# Nontrivial solution to a system of equations over a general ring

Given a matrix $A\in D^{n\times (n+1)}$ where $D$ is an integral domain, the system $Ax=0$, where $x\in D^{n+1}$, has a nontrivial solution (which can be proved looking at the field of fractions of $D$).

Would this result still be true if instead of $D$ we had a general ring $R$ with identity? Does $R$ need to be commutative? (Obviously the above proof fails in this case, however I don't seem to see a reason why the result wouldn't be true in general.)

Thanks.

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## 1 Answer

It may fail for noncommutative rings.

There are noncommutative rings (with identity) $R$ such that $R^2\cong R$. For example, let $k$ be a field, let $\mathbf{V}$ be an infinite dimensional vector space over $k$, and let $R$ be the ring of endomorphisms of $\mathbf{V}$. The fact that $\mathbf{V}\cong\mathbf{V}\oplus\mathbf{V}$ can be translated into a proof that $R^2\cong R$.

Since $R^2\cong R$, there is a $1\times 2$ matrix that corresponds to this isomorphism. For such a matrix $A$, $A\mathbf{x} = 0$ if and only if $\mathbf{x}=0$, since $A$ is an isomorphism.

For commutative rings, though, it works. Every commutative ring satisfies the strong rank condition, which is that for any $n\lt \infty$, any set of linearly independent elements in the right module $R^n$ has cardinality at most $n$. This is equivalent to saying that any homogeneous system of $n$ linear equations with $m$ unknowns and $m\gt n$ has a nontrivial solution.

The fact that commutative rings satisfy the strong rank condition is proven in T-Y Lam's Lectures on Rings and Modules, pp 14-15.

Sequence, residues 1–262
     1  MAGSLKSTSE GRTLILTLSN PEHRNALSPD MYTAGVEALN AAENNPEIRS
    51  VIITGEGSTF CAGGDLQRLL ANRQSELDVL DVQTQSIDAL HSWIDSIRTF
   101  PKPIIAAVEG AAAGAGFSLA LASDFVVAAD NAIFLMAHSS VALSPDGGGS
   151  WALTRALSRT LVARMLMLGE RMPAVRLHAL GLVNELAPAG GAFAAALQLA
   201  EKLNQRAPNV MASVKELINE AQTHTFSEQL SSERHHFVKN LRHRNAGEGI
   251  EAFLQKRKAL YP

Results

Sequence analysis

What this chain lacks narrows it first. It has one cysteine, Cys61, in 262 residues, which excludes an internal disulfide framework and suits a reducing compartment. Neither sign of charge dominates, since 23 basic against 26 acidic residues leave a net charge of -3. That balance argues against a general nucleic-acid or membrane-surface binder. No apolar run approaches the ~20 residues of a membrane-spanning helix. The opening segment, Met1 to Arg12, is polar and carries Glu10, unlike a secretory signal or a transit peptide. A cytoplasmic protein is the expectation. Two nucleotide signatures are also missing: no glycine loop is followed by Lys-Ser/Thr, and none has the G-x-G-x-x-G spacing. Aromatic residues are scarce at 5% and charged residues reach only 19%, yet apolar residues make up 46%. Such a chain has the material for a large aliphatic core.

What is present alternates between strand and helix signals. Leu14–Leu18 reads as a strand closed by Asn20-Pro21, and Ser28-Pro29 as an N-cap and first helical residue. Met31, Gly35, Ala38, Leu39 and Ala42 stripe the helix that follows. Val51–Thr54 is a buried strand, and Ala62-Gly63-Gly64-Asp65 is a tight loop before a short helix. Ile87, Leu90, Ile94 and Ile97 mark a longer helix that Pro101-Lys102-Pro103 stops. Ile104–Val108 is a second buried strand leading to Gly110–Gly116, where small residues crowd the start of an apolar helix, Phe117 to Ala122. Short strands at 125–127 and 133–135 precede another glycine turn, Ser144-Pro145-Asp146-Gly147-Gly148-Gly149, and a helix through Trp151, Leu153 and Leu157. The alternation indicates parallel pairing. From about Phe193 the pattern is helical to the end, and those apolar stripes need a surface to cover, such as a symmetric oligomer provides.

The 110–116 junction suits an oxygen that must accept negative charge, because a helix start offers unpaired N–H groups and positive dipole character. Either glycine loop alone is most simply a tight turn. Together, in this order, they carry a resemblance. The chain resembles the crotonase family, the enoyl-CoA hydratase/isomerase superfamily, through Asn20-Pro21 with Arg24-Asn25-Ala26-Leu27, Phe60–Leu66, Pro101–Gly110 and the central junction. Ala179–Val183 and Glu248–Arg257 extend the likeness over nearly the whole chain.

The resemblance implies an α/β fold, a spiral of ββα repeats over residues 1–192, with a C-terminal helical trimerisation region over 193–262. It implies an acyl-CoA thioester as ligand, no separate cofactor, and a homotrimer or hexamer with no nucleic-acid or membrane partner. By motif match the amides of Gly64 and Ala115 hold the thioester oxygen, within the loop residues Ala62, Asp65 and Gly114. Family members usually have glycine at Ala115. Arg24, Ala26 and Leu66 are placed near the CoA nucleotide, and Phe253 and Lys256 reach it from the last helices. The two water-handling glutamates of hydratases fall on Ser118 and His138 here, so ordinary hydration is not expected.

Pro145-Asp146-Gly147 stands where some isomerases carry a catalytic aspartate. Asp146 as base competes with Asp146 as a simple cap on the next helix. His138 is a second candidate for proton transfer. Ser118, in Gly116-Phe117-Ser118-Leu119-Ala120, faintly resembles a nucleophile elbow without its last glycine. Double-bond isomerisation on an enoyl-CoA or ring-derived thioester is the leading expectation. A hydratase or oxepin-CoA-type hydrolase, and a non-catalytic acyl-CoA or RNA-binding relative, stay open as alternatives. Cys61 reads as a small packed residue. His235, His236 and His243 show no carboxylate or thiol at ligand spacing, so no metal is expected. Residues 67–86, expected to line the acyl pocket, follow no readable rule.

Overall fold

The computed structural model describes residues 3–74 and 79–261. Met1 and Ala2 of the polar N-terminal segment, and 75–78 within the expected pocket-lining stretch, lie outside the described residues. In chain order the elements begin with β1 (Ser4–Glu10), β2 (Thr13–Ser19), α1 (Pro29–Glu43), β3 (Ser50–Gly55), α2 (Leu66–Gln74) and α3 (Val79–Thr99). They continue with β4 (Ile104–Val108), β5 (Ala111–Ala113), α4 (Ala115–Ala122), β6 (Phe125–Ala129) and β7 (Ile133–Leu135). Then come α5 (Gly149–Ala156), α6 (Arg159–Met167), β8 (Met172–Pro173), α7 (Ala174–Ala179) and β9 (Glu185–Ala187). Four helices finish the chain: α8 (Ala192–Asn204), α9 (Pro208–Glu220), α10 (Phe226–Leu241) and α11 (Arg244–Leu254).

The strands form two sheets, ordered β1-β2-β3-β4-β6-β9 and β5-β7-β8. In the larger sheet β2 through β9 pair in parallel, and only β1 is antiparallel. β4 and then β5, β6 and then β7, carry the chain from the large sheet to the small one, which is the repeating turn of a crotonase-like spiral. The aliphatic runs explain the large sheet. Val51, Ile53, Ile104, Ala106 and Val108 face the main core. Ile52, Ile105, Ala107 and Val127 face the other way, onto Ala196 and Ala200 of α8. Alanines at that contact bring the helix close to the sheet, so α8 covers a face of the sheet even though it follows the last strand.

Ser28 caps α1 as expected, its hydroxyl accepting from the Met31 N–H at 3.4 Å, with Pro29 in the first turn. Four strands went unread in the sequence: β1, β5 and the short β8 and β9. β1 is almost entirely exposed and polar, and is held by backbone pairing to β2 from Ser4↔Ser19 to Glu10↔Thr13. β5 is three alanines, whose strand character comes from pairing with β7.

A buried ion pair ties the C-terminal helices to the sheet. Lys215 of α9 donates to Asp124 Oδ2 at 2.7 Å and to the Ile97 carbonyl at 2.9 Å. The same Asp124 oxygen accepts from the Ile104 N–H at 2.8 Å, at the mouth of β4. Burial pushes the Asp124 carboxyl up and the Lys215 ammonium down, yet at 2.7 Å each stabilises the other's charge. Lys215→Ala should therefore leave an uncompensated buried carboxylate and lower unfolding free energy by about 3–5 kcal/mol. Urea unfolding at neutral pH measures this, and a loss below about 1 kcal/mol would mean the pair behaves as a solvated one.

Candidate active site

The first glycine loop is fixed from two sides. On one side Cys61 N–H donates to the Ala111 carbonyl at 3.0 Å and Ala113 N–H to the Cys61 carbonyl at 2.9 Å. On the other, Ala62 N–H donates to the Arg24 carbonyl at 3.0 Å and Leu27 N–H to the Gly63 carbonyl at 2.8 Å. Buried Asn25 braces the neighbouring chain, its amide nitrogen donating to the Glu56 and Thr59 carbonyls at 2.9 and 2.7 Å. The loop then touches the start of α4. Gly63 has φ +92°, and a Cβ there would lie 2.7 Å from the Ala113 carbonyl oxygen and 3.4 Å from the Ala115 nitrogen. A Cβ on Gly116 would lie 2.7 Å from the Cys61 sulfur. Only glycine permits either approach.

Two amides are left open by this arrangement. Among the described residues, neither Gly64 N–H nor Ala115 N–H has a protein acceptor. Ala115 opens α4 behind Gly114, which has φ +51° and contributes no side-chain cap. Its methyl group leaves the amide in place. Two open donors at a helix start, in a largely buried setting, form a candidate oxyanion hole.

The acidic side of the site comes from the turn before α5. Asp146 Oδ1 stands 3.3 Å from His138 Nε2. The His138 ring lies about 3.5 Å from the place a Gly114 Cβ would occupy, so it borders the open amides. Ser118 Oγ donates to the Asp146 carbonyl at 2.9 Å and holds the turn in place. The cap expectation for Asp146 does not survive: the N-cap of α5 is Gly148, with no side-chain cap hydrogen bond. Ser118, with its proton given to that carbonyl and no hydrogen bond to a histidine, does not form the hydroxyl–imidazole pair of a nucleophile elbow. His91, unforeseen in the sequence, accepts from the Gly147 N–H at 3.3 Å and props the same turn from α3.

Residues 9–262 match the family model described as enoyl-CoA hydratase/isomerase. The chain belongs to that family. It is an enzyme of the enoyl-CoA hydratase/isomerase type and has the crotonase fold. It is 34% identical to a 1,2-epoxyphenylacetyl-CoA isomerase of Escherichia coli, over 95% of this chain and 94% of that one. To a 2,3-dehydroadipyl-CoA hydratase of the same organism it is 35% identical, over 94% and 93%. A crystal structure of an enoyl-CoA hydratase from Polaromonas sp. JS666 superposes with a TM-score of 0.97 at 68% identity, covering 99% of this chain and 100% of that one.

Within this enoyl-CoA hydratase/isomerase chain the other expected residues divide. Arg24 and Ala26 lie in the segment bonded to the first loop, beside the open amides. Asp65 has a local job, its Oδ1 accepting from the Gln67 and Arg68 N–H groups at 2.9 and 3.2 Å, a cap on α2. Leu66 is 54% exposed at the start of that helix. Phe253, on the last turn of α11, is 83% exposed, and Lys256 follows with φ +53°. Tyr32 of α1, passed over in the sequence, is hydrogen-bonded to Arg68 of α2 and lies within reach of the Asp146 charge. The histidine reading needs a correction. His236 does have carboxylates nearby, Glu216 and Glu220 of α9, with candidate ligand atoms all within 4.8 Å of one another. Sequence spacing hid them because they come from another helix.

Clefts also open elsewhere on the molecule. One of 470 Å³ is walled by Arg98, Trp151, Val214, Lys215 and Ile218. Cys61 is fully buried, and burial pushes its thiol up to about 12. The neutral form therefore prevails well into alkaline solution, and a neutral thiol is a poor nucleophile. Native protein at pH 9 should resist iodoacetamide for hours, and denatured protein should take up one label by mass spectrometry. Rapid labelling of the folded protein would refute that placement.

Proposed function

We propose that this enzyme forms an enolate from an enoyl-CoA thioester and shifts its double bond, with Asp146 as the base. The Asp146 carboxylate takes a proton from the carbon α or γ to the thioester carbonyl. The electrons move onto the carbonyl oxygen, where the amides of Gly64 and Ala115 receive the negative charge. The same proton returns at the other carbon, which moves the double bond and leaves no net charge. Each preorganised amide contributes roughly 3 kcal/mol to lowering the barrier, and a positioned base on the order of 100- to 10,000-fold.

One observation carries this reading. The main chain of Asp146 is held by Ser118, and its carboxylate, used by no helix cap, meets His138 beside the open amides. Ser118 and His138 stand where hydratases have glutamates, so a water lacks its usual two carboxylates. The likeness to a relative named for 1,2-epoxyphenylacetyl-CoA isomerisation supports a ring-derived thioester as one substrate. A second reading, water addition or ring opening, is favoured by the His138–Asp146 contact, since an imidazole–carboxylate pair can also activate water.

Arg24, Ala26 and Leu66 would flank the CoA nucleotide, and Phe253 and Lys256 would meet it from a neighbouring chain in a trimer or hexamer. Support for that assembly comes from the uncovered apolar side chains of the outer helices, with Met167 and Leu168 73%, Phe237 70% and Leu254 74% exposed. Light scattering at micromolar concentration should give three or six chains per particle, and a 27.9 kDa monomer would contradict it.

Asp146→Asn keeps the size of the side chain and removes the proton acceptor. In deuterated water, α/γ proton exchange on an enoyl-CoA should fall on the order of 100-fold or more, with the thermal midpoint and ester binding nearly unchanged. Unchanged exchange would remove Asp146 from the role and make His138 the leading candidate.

Lemma. Let $A$ and $B$ be right modules over $R$, where $B\neq 0$. If $A\oplus B$ can be embedded in $A$, then $A$ is not a noetherian module.

Proof. $A$ has a submodule $A_1\oplus B_1$ with $A_1\cong A$ and $B_1\cong B$. So $A\oplus B$ can be embedded in $A_1$, which therefore contans a submodule $A_2\cong B_2$ with $A_2\cong A$ and $B_2\cong B$. Continuing this way we get an infinite direct sum $B_1\oplus B_2\oplus\cdots$ in $A$, each $B_i\neq 0$, which shows that $A$ is not a noetherian module. QED

Theorem. Any right noetherian ring $R\neq 0$ satisfies the strong rank condition.

Proof. Let $R\neq 0$ be right noetherian. Then for any $n$, the free right module $A=R^n$ is noetherian, so if $B\neq 0$, then $A\oplus B$ cannot be embedded in $A$; in particular, for any $m\gt n$, $R^m=A\oplus R^{m-n}$ cannot be embedded in $A=R^n$. QED

Corollary. Any commutative ring $R\neq 0$ satisfies the strong rank condition.

Proof. Consider a system of $n$ linear equations in $m\gt n$ unknowns, with coefficients in $R$. Let $R_0$ be the subring of $R$ generated over $\mathbb{Z}\cdot 1$ by the coefficients $a_{ij}$. This is a nonzero noetherian ring by the Hilbert Basis Theorem, so the system of equations has a nontrivial solution over $R_0$, hence over $R$. Thus, $R$ has the strong rank condition. QED

Another nontrivial instance of rings with strong rank condition: if $R=A\times B$, then $R$ has the strong rank condition if and only if either $A$ or $B$ have the strong rank condition.

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You are like a(n unusually helpful) textbook! –  The Chaz 2.0 Mar 14 '11 at 19:38